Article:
So it was thrilling to make my own at the workshop last week. Clay feels so good. It felt good to throw it down onto the table to get air bubbles out of it. It felt good to roll it and smooth it into this shape, however clumsy I felt about it. It felt good to quietly work on it as my mother-in-law quietly worked on hers next to me.
I realized while enjoying myself so completely that this mug is as much a product of my first Year of Making as anything else I’ve made*. It wasn’t too long ago that a one-night workshop about something I had no experience with would have been a little stressful to me, no matter how much I wanted to be there. But I wasn’t at all stressed about making this mug. I wasn’t concerned about getting it done in time. I wasn’t concerned about screwing it up to the point that I wouldn’t be able to enjoy the finished product. At the same time, I was excited about the finished product. Though I was happy to live with the many imperfections I put into this mug, I didn’t go all Mighty Ugly on it. I didn’t throw this first mug under the bus in the interest of calming myself down. I started out calm. My enjoyment of learning and exploring and making was total.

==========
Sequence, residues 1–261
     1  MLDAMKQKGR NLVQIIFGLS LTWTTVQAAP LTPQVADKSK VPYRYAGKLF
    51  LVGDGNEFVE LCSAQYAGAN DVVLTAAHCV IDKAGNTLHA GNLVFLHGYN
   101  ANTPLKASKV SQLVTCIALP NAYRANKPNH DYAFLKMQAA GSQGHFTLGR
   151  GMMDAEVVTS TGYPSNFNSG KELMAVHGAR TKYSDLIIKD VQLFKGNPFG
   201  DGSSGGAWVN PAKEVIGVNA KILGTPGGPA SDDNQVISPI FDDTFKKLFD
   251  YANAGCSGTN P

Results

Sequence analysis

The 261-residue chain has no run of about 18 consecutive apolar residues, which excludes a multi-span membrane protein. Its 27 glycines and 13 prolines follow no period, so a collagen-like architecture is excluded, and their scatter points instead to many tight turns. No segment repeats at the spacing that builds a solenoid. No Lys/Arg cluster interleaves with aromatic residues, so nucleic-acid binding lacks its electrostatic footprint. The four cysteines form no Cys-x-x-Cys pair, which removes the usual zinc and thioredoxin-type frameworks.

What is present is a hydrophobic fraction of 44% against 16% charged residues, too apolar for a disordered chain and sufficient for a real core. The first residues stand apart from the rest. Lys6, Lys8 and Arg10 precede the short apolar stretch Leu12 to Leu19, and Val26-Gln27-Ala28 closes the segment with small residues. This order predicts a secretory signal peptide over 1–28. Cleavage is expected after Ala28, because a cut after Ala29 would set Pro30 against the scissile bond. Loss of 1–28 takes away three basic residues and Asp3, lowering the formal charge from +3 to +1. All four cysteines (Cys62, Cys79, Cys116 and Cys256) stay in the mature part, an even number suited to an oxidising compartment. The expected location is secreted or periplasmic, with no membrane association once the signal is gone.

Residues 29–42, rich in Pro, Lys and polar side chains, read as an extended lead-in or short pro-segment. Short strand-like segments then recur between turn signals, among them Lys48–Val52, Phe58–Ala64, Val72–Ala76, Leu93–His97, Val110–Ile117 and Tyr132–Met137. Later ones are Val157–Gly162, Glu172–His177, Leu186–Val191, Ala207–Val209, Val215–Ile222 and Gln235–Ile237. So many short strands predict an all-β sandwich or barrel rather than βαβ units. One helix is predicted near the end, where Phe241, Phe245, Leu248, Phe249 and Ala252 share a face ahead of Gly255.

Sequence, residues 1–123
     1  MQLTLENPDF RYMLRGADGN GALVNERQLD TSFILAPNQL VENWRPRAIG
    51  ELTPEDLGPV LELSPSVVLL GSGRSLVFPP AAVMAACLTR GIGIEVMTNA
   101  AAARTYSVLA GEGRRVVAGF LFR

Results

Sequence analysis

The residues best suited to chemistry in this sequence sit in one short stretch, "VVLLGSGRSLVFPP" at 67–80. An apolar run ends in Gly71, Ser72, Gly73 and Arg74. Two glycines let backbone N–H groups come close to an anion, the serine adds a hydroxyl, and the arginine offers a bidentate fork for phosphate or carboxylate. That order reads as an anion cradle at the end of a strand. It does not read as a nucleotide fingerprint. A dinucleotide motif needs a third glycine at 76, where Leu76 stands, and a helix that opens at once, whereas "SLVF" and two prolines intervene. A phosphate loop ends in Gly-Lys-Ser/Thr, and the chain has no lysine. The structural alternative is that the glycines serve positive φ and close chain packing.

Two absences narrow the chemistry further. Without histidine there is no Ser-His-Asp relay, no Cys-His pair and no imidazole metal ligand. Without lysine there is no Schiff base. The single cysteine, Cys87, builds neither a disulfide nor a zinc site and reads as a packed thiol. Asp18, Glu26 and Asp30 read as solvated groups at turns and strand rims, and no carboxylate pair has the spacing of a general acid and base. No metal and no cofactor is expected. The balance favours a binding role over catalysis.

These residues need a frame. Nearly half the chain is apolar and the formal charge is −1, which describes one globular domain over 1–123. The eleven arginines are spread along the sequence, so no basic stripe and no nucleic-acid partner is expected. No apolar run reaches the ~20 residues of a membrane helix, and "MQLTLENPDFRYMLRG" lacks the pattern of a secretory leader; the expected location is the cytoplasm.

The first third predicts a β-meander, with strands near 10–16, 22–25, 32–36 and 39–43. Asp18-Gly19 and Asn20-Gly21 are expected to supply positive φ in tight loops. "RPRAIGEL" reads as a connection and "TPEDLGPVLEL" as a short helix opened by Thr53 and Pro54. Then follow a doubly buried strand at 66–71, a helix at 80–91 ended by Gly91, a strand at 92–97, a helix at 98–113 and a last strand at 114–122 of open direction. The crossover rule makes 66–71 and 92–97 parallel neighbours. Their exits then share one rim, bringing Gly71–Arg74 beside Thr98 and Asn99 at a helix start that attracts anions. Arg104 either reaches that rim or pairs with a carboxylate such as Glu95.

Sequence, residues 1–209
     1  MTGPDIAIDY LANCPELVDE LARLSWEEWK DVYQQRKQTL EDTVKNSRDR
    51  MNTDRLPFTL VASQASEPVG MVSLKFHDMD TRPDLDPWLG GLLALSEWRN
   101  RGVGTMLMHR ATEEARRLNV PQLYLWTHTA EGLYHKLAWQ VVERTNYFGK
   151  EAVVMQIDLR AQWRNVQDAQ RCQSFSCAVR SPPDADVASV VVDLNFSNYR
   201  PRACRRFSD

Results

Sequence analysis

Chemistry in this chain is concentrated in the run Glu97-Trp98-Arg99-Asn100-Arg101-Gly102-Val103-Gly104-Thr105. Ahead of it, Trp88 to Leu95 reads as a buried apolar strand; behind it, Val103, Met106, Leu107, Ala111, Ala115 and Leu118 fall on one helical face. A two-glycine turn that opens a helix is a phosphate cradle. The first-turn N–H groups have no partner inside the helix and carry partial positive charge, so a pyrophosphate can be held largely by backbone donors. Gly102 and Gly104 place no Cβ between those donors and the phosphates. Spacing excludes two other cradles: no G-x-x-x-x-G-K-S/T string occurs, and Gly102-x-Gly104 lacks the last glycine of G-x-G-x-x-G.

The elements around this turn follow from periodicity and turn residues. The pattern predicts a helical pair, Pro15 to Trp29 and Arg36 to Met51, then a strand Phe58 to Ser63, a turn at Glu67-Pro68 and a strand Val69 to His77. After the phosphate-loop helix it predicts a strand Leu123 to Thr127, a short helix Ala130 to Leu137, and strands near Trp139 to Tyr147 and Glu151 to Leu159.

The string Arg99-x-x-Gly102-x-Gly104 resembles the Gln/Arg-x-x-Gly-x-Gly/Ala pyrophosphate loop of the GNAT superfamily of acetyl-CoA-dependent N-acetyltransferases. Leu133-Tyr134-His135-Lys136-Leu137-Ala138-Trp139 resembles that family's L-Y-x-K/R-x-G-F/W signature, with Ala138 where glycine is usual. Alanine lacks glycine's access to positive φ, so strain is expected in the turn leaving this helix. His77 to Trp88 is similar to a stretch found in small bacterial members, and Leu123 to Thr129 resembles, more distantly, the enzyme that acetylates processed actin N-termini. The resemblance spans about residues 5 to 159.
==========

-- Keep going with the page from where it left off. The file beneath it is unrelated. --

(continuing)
I’ll show you a photo of the fired mug after I pick it up!
* I haven’t been chronicling my second Year of Making on a daily basis, but I have continued to make something pretty much every day this year. And I’ve been thinking about how my experience this year has been different from my experience in 2014. I’ll write more about it very soon!
PS Are you doing a Year of Making? How’s it going?
PPS Do you want to do a Year of Making? There’s no rule about when to start, so start now! This can help.